Faculty members are really enthusiastic about the edtech future
There is nothing to worry about as it does not reflect at all a bad scenario. The team at Inside Higher Ed felt that the data was pointing to a superseding dread of what teacers feel about education technology and its growth, but the respondents indicated differently.
The first volume of this report series noted that faculty members felt more dread than enthusiasm about the growth of online education and edtech. A time has therefore, come to consider whether this translates into a general stage of concern among faculty members for all aspects of the technology combination that is taking place in higher education.
The answer is of course ‘no’, because for the major portion, faculty members express additional enthusiasm rather than dread with different aspects of the new technology reality in the future of education. Significantly, more than 60 percent of respondents have expressed that they feel more enthusiasm than dread in edtech future.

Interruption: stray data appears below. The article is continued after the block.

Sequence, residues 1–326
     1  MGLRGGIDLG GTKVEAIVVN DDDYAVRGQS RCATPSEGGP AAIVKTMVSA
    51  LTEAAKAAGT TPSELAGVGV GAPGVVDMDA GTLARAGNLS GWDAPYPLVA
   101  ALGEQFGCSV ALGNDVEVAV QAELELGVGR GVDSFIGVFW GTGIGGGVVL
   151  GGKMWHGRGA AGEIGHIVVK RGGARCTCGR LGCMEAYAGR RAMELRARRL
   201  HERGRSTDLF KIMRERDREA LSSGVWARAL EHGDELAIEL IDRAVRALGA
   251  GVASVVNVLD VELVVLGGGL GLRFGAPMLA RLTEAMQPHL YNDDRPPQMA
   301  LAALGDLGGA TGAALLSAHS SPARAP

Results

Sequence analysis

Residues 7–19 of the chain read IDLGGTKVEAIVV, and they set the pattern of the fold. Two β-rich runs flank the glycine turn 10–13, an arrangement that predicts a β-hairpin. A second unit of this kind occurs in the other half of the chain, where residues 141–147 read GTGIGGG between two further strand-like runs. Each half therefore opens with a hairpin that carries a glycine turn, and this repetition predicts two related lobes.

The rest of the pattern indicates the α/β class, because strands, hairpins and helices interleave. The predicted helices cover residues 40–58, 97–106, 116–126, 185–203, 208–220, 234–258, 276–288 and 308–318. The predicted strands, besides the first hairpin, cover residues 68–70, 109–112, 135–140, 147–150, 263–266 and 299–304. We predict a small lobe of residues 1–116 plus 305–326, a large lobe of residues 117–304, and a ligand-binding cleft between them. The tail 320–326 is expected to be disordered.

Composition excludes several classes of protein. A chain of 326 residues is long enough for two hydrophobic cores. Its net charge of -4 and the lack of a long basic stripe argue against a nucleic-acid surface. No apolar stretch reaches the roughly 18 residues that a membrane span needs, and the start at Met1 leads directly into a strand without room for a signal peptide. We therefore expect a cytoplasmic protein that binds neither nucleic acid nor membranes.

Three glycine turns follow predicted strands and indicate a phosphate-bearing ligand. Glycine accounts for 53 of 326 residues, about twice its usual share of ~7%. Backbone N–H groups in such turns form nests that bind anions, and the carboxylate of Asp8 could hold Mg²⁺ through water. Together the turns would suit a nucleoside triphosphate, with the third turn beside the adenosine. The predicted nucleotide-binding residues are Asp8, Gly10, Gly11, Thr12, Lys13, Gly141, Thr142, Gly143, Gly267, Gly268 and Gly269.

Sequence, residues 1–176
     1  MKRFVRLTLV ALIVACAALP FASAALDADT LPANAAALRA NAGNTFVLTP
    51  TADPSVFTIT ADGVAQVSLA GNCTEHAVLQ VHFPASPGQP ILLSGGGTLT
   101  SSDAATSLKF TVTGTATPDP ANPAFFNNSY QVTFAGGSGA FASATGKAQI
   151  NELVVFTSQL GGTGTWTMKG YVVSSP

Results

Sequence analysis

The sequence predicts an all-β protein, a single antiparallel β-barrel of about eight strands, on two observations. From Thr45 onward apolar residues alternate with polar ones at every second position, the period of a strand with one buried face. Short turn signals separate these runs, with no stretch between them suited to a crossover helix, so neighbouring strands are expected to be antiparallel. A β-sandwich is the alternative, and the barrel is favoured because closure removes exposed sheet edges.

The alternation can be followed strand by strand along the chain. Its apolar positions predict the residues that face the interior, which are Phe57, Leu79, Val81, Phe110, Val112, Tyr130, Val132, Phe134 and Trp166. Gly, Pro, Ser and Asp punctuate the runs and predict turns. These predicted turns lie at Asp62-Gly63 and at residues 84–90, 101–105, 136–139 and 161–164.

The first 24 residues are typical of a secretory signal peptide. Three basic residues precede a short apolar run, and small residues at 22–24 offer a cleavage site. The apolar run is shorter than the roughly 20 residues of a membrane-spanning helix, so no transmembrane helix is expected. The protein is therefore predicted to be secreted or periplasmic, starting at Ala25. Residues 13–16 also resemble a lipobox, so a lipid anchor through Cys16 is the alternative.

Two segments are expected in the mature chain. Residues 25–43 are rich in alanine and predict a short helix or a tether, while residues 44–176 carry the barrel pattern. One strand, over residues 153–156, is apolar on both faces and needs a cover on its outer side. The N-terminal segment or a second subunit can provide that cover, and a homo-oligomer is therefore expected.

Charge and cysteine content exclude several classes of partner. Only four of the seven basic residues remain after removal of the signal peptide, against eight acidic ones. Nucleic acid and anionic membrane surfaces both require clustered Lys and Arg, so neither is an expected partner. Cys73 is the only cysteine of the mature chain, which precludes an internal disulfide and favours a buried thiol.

The excitement-versus-fear question was enquired about in education technologies to get the teachers view on edtech future. The results are shown below.
Other Key Findings:
Nearly half of the 4,564 faculty members surveyed, three-quarters of whom are full-time professors, said the rise of online education excites them more than it frightens them.